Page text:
I agree that yipping is caused by fear and anxiety of missing a putt, but this fear is sparked by something, and then usually worsened by poor mechanics. Short of suggesting a lobotomy, players with the yips have to try and learn putting from scratch again to re-gain the confidence they lost, and the fear they have for putts. The technique in this post, and on others on this site are meant as mechanical fixes for the poor habits that yips can develop in hopes that a yipper can start to get their confidence back on the greens. The same confidence that is needed for a yip-less stroke.

  5. Hey Joseph Collingsworth – seems to me like you’ve convinced yourself that somehow your body has been invaded by the yips and there isntohing you can do about it. I have a suggestion – clear your mind of that thinking and work on your putting. If you are 100% convinced you have the yips and nothing can cure them then you are done as a putter my friend

  6. Thanks for these tips. i’m a 7 handicap, and struggled to get any lower, due to my putting stroke of absolute sin. my grip has completely changed, and my yips have seemingly vanished! almost went to get putter #5.. now i can go back to putter #2, my fav 🙂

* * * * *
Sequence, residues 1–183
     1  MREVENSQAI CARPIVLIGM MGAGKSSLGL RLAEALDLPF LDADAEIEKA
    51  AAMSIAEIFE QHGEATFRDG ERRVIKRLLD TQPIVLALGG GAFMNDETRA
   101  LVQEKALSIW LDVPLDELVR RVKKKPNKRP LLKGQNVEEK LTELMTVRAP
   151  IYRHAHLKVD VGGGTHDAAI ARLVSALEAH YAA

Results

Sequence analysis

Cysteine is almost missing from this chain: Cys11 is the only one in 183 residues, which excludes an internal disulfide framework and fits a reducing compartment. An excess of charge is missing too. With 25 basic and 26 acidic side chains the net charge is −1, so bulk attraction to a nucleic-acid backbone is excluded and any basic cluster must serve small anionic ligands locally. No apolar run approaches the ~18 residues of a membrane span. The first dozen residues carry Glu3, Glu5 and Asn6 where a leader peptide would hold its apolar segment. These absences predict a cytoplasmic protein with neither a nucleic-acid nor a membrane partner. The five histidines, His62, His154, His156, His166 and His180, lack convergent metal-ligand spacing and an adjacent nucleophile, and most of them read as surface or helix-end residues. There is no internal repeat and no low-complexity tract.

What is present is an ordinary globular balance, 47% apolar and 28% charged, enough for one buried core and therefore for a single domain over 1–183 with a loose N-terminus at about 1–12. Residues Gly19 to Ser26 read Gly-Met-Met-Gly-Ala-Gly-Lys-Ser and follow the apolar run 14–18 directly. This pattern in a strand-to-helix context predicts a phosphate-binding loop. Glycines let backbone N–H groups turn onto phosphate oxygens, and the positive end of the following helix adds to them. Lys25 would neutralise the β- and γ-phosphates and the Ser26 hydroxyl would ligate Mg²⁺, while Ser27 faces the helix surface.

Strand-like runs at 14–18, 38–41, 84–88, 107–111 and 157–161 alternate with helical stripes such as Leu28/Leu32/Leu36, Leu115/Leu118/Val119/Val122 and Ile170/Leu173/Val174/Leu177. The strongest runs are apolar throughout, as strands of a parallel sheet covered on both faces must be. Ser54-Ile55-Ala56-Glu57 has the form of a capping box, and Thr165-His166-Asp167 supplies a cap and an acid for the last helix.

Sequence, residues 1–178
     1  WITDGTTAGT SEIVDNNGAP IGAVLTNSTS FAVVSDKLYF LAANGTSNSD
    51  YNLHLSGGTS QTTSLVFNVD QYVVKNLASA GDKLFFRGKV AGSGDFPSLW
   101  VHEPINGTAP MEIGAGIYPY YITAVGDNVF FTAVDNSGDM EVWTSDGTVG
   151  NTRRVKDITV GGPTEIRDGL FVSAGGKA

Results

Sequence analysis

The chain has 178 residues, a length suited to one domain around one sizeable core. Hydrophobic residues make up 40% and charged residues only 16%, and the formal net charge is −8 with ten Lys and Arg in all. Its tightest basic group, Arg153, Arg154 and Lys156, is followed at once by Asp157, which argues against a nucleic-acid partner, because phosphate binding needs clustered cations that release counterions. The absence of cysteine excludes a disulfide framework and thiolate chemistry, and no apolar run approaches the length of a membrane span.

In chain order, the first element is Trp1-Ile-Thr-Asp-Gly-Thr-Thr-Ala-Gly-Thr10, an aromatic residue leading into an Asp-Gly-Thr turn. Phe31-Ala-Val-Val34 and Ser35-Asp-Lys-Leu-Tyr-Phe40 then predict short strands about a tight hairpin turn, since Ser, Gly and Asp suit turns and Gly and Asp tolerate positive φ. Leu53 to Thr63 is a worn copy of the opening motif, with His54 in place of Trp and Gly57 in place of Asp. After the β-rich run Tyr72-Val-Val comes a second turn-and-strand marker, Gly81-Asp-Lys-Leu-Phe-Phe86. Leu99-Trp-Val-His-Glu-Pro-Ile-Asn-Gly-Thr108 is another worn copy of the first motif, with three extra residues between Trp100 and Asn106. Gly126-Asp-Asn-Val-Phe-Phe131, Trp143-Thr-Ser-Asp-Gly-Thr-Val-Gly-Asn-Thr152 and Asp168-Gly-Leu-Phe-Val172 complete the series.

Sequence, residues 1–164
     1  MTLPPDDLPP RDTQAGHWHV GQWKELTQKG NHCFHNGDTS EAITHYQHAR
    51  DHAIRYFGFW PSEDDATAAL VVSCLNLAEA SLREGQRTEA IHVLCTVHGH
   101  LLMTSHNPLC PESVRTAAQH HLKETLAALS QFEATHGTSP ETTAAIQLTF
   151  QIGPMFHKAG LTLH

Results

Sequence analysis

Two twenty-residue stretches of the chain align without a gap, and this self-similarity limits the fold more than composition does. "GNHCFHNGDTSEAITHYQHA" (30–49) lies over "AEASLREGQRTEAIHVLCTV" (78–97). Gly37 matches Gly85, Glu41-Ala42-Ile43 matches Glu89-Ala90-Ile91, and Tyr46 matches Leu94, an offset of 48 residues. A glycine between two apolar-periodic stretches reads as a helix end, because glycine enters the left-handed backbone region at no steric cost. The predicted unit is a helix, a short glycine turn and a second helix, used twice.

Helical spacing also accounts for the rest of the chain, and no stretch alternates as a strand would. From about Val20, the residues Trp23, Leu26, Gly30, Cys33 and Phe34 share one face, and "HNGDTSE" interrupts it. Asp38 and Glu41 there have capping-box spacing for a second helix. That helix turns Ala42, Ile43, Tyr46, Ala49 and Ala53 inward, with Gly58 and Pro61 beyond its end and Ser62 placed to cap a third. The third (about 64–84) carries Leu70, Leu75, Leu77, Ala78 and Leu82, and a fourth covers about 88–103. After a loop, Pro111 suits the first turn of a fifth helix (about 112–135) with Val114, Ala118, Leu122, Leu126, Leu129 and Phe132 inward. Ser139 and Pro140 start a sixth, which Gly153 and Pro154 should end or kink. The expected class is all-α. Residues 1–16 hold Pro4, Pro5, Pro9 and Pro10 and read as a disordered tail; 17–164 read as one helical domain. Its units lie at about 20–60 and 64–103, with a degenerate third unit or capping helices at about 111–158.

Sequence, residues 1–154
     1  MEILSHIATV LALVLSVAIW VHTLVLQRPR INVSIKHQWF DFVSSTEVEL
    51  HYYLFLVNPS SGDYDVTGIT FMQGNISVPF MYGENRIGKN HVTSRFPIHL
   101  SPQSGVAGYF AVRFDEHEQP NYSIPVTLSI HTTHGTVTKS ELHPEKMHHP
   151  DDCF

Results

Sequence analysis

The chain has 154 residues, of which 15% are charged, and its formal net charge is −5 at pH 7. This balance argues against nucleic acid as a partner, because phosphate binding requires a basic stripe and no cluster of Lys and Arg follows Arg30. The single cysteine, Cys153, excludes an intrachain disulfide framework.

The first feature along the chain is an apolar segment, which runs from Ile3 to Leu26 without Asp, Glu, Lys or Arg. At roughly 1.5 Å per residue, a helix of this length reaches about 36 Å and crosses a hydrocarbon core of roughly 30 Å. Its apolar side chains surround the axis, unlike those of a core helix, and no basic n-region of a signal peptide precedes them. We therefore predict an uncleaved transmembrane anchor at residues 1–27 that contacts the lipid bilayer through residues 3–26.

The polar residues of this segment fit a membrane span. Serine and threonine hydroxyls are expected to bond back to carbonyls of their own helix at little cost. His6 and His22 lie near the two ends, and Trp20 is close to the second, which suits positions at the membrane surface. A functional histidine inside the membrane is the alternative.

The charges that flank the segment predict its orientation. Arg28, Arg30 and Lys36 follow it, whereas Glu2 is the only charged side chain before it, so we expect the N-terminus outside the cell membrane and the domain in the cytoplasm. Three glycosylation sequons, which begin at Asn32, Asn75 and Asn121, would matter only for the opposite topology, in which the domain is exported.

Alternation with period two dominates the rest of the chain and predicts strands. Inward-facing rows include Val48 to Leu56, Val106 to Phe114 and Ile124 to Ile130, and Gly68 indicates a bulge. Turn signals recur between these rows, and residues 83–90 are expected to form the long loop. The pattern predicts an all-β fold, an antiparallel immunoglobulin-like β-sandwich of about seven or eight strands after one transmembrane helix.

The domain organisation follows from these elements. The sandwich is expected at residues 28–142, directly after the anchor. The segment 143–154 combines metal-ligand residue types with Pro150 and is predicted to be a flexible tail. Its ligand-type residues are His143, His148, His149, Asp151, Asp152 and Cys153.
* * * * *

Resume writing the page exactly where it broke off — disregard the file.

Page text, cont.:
7. I am currently struggling with the yips. A lot of my problem is I tend to stand too far from the ball, allowing or even forcing my wrists into too much action. After 18 holes today, I played 9 more and “crowded the ball a little but I found my eye directly over the ball. It allowed a smoother stroke and better roll. A split grip has helped me in the past.

  8. Joseph Collingsworth, I understand. Those who think that nerves over a putt have anything to do with the yips have really no idea. They don’t understand that killer twitch happens uncontrollably whether the putt is on the green or practising on the carpet at home. I guess from what you say you also yip your chips. Best of luck to you. My seven year journey with the yips has yielded no solution other than the claw grip but that has no finesse, no feel. 44 putts today, at least it provides my partners with some entertainment. Contributors to blogs or writers of articles that advise that it is either confidence or technique that is the problem need to look up focal dystonia and then they will really have an understanding of the genuine problem.

Leave a Reply

Your email address will not be published. Required fields are marked *

3 × two =

Ping G20 Line Tech Vids

Mizuno MP-59 Iron Pics